Southeastern Bohemian has its specific charm. Intersected with creeks, rivers,
and countless lakes over the entire region, the countryside rises from the flatlands
in the west towards the wooded hills known as the Czech Canada, as if wishing
to show off many beautiful phenomena of the nature on a tiny piece of land at
once. Situated amidst all the natural beauty is a genuine gem:
A town overlooks the Vajgar Lake, whose gorgeous panorama of a Gothic castle and Renaissance chateau are reflected in the water like in a mirror, as though a silent witness of the bygone glamour of its former aristocratic inhabitants.
A town on the 15th meridian, with the Assumption of Virgin Mary Provost Church and a massive tower with a view of the entire region.
A town which used to be one of the largest towns in the Kingdom of Bohemia until the middle of the 17th century.
A town whose historic center has been declared a historical conservation area for its exquisite historical, architectural, and cultural virtues.
A town sought out by countless tourists, both from home and abroad, for its unique points of interest and clean environment: a town of the " Golden Rose " : Jindøichùv Hradec
The origins of Jindøichùv Hradec are linked to the existence
of an ancient Slavic fortified settlement on the bend of the Neárka
River and Hamerský Creek, which became, since at least the 10th century,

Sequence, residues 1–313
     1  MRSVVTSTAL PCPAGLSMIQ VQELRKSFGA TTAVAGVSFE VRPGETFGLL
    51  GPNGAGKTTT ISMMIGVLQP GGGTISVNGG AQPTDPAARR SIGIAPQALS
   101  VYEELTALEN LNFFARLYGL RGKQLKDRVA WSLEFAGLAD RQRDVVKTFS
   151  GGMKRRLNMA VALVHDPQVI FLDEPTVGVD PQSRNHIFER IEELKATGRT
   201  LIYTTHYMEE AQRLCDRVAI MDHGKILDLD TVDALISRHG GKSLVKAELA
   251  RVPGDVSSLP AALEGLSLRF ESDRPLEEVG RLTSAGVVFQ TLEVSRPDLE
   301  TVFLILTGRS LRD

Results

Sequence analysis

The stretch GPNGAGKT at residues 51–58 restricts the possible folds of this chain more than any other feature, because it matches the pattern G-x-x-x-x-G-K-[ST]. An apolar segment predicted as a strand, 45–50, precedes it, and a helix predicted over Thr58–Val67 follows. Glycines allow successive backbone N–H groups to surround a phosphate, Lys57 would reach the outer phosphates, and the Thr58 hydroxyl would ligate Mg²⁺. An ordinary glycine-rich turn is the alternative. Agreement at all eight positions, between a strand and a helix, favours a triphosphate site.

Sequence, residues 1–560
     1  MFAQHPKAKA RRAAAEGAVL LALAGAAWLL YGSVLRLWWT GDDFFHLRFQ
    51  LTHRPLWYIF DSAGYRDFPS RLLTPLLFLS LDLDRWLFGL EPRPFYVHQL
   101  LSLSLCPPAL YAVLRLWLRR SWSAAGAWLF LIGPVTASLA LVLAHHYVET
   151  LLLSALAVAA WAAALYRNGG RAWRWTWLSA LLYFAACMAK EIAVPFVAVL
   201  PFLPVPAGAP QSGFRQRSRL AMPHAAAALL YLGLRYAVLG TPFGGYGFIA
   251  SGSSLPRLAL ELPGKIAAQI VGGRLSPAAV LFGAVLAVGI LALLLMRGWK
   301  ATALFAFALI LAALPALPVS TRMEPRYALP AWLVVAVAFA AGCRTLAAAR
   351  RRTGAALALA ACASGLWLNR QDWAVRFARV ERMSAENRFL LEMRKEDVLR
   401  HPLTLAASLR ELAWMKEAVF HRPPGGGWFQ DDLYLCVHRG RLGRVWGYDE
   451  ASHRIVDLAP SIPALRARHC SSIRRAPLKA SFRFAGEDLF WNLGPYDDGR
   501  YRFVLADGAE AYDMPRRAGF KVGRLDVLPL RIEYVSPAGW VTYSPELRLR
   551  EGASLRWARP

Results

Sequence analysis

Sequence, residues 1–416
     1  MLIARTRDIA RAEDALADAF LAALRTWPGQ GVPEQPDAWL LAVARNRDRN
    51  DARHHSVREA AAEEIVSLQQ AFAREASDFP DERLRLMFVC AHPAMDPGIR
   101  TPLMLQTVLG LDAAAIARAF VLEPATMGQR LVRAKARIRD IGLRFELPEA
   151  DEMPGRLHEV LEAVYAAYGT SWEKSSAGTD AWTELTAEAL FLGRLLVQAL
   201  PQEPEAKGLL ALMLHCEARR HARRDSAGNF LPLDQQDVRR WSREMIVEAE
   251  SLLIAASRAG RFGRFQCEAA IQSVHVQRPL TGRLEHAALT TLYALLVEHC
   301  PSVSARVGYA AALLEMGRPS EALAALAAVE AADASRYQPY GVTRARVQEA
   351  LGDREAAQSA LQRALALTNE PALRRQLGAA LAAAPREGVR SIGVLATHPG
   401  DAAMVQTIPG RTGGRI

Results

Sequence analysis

a center of administrative and business events, as well as an important strategic
point in the south of the Premyslid domain. Towars the end of the 12th century,
the region of southeastern Bohemia was allotted to Vítek of Prèice,who
divided the territory among his five sons, who thus became founders of important
South-Bohemian aristocratic families known as Vítkovci ( Witigons ):
the Lords of Landtejn, Strá, Ústí, Romberk
( the most powerful ), and Hradec. In their coats-of-arms, each of the Witigons
had a differently colored five-petal rose each.
The earliest mention of Hradec dates to the year 1220, during which time the estate of Jindøichùv Hradec was owned by the founder of the Lords of Hradec, Jindøich I, the oldest son of Vítek of Prèice. It was Jindøich s decision to have a Gothic castle built on the grounds of the former fortified settlement. Before long, by mid-13th century, the surroundings of the castle, formarly a small trade and business community, grew to a sizeable town, which bears his name to this date ( in Latin sources, the town is referred to as Nova Domus, hence Neuhaus in German sources ).The current name of the town appeared in historic sources for the first time only in 1410).The coat-of-arms of the Lords of Hradec, a golden rose on a blue background, eventually supplementted with two golden lions and letter "W" a special privilege granted by king Wladislaw II in 1483-these remain in the town s emblem to this day.
In the northeastern corner of the town s historic center is one of the most remarkable historic treasures of Jindøichùv Hradec, the former Minorite Cloister and Church of St. John the Baptist and a later-date hospital.
The centrally situated Peace Aquare of Jindøichùv Hradec used to be dominated by a Gothic Town Hall which has been rebuilt several times ( the first document referring to a repair of a stone town hall dates back to 1493).
The old town s dominant structure is a massive tower of the Assumption of Virgin Mary Provost Church, situated on the 15th meridian.
The Panská Street connects the center of the old town district with zhe new town district, ending at the Novomìstské Square ( i.e. New Town Square - Masaryk Square today ), one side of which opens into the municipal park, created by filling in the moat that once surrounded the castle and the old town.